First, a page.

Posted: 17 Aug 2010 09:56 AM PDT
By Duncan Geere, Wired UK
Spain has a pigeon problem, and some cities are recruiting private pigeon catchers to trap the rats-with-wings using special net catapult devices.
The technique involves two people and a catapult-sprung net device. One person feeds the pigeons to make sure that they are gathered neatly into a small space, while the other angles the net catapult. Once the birds are in place, the net is released over the birds to trap them before they can fly away.
Barcelona city council has declared pigeons to be a "plague" and has issued a tender to catch and cull 65,000 of them over the next 18 months — 25 percent of the pigeon population. This represents a significant markup from last year's already-impressive cull of 40,000 pigeons.
The birds have been singled out for spreading diseases and for causing damage to buildings thanks to their highly corrosive droppings which can damage stone architecture. Most culling methods involve nets and cage traps in the busiest areas and then asphyxiation with carbon dioxide.
Some cities, such as Zamora, employ less aggressive forms of pigeon-removal. Zamora distributes large cages in strategic points in the city filled with wheat to attract the animals. Once caught, the pigeons are subjected to a health check. Sick birds are slaughtered, while healthy ones are moved out of the city. This technique has helped reduce the pigeon population by 80 percent since 2004.
Over in the U.K., we are similarly hostile toward urban pigeons. Ken Livingston declared war on the pigeons when he became Mayor of London in 2000 and passed a bylaw making it illegal to feed them.
Trafalgar Square was once famous for hosting the best-fed pigeons in the land, but repairing the damage to Nelson's Column and the square caused by pigeon droppings costs £140,000 per year. Hawks have been occasionally introduced to the square to scare them away.
Posted: 17 Aug 2010 07:35 AM PDT
A bizarre type of giant land turtle thought to have gone extinct 50,000 years ago survived until recently on at least one small Pacific island.
Dozens of bones found in a 3,000-year-old archaeological site on Vanuatu belong to a previously-undescribed species of meiolaniid, a turtle family that evolved 50 million years ago and resembled walking fortresses.
"This group of turtles is not known to have survived into the presence of humans. Now we can say that they met," said paleontologist Trevor Worthy of Australia's University of New South Whales.
The shell of one early meiolaniid species, known from fossils recovered in South America and named Stupendemys for its size, was 11 feet long and seven feet wide. The more modern Meiolania platyceps, found in Australia and Melanesia, had a relatively small five-foot-diameter shell, and weighed an estimated half-ton. All had armored club tails and horned heads.
For 50 million years these defenses sufficed, but they weren't much use against humans — or so researchers suspected, lacking more than the scientific equivalent of hearsay. "In Australia, these turtles survived from the time of dinosaurs, through the Pleistocene. Then humans arrived. And then there weren't turtles anymore. I'd have thought humans had something to do with it, but there was no evidence," said Worthy.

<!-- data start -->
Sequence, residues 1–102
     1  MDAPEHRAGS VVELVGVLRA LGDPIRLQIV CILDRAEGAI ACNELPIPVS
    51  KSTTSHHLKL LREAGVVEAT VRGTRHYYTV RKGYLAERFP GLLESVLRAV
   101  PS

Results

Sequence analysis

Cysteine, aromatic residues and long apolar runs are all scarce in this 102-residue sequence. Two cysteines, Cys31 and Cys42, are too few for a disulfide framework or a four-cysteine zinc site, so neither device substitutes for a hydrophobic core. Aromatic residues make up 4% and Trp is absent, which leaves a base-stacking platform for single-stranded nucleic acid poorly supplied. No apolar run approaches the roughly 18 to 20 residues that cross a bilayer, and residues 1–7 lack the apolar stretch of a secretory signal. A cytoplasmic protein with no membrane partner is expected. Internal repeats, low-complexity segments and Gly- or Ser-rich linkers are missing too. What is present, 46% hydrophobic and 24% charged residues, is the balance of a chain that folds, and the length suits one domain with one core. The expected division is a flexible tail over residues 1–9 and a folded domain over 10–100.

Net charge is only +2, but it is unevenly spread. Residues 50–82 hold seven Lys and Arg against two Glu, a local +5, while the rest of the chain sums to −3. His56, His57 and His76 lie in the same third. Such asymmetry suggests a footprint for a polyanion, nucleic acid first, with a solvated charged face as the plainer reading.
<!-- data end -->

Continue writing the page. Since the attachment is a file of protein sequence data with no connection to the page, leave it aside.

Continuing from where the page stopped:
The bones of the newly discovered species, named Meiolania damelipi and described Aug. 16 in Proceedings of the National Academy of Sciences, tell a clear story. They were found in a mound of animal bones discarded near a village of Lapita, a seafaring culture that 3,500 years ago spread east across Polynesia, Melanesia and Micronesia. The bottom layer of the garbage pile, dated to 3,000 years ago, had many meiolaniid bones. The top layer, dated to 2,800 years ago, had none.
The Lapita would have hunted the slow-moving turtles, burned forests to clear cropland, and brought pigs and rats that ate their eggs. Worthy estimates that Vanuatu could have supported tens of thousands of M. damelipi, but in just 200 years they were gone. And if giant land turtles were on Vanuatu, they were likely found on other Pacific islands, and hunted into oblivion.
This fits a pattern of human-preceded extinction recorded worldwide in large animals — collectively known as Pleistocene megafauna — but especially pronounced in the South Pacific, where every populated island lost between 30 and 50 percent of all animal species. These included giant iguanas, terrestrial crocodiles and dozens of birds. Bones of other now-extinct avian species were also found in the Vanuatu heap.
In tandem with these extinctions, the Lapitan culture seems to have vanished. Their distinctive ornate pottery, found across the western Pacific, disappears from the archaeological record.
As for whether there's a lesson to be learned, "I would have thought the lessons would have been learned already," said Worthy. "But people seem to be kind of slow catching on."
Images: 1) Meiolania platyceps./Australian National Museum. 2) M. damelipi scapula bones./PNAS.
Citation: Megafaunal meiolaniid horned turtles survived until early human settlement in Vanuatu, Southwest Pacific. By Arthur W. White, Trevor H. Worthy, Stuart Hawkins, Stuart Bedford, and Matthew Spriggs. Proceedings of the National Academy of Sciences, published online, August 16, 2010.
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